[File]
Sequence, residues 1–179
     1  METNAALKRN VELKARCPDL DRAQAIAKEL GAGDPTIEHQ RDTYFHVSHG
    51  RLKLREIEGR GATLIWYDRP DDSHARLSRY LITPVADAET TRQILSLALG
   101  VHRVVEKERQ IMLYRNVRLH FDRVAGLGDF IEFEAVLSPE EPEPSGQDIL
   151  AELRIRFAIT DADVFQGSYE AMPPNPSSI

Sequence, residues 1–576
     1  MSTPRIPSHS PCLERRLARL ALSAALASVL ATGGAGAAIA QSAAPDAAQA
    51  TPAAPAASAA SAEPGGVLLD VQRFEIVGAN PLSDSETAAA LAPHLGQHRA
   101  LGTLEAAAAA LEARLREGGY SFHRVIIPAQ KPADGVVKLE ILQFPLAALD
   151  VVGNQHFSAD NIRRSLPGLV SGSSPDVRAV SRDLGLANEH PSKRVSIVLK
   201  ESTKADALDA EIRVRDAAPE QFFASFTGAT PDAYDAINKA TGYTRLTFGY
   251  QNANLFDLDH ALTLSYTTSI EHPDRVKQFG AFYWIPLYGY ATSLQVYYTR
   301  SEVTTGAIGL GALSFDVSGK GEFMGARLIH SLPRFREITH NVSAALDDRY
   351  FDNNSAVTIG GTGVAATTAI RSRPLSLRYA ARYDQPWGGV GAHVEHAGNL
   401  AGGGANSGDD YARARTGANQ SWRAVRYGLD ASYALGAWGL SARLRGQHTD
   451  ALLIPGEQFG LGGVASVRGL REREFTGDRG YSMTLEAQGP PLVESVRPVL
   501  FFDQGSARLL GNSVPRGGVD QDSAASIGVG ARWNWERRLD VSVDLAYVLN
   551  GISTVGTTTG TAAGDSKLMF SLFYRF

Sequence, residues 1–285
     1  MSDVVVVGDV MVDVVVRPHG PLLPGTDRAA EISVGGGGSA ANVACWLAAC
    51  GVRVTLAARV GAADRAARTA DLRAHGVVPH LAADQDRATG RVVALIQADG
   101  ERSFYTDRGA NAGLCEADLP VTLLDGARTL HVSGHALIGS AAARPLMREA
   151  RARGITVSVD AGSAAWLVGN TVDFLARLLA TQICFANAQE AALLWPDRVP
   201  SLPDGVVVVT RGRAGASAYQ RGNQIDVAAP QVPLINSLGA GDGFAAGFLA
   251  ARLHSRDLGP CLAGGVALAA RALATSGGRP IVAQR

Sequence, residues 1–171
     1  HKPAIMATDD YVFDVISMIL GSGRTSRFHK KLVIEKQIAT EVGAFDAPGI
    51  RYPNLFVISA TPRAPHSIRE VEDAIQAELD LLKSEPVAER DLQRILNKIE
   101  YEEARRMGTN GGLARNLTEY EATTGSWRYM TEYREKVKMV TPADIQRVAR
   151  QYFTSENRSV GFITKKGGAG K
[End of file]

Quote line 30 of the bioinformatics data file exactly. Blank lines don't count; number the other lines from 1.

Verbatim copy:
   151  QYFTSENRSV GFITKKGGAG K